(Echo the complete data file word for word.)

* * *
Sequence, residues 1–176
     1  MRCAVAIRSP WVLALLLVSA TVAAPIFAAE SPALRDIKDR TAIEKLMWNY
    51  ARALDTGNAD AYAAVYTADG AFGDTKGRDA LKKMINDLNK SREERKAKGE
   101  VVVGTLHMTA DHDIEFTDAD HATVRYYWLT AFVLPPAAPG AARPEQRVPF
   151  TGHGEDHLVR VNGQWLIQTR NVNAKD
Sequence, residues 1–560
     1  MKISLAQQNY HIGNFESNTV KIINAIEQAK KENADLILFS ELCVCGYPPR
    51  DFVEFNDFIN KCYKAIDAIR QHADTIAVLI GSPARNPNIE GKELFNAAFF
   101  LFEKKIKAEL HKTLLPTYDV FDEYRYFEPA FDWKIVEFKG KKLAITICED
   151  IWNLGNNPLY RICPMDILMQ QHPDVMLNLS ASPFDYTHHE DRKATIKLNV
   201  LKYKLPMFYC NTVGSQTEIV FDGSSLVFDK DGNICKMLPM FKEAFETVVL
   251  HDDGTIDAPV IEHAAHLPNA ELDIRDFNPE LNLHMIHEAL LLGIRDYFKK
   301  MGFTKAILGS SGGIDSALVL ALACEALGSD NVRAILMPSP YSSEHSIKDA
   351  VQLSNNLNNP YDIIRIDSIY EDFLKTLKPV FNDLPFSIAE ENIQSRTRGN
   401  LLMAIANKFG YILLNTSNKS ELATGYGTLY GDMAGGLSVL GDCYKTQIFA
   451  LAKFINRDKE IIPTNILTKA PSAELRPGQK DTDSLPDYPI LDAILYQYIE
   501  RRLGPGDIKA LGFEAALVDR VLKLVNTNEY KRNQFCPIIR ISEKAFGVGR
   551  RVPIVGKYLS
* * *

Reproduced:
Sequence, residues 1–176
     1  MRCAVAIRSP WVLALLLVSA TVAAPIFAAE SPALRDIKDR TAIEKLMWNY
    51  ARALDTGNAD AYAAVYTADG AFGDTKGRDA LKKMINDLNK SREERKAKGE
   101  VVVGTLHMTA DHDIEFTDAD HATVRYYWLT AFVLPPAAPG AARPEQRVPF
   151  TGHGEDHLVR VNGQWLIQTR NVNAKD
Sequence, residues 1–560
     1  MKISLAQQNY HIGNFESNTV KIINAIEQAK KENADLILFS ELCVCGYPPR
    51  DFVEFNDFIN KCYKAIDAIR QHADTIAVLI GSPARNPNIE GKELFNAAFF
   101  LFEKKIKAEL HKTLLPTYDV FDEYRYFEPA FDWKIVEFKG KKLAITICED
   151  IWNLGNNPLY RICPMDILMQ QHPDVMLNLS ASPFDYTHHE DRKATIKLNV
   201  LKYKLPMFYC NTVGSQTEIV FDGSSLVFDK DGNICKMLPM FKEAFETVVL
   251  HDDGTIDAPV IEHAAHLPNA ELDIRDFNPE LNLHMIHEAL LLGIRDYFKK
   301  MGFTKAILGS SGGIDSALVL ALACEALGSD NVRAILMPSP YSSEHSIKDA
   351  VQLSNNLNNP YDIIRIDSIY EDFLKTLKPV FNDLPFSIAE ENIQSRTRGN
   401  LLMAIANKFG YILLNTSNKS ELATGYGTLY GDMAGGLSVL GDCYKTQIFA
   451  LAKFINRDKE IIPTNILTKA PSAELRPGQK DTDSLPDYPI LDAILYQYIE
   501  RRLGPGDIKA LGFEAALVDR VLKLVNTNEY KRNQFCPIIR ISEKAFGVGR
   551  RVPIVGKYLS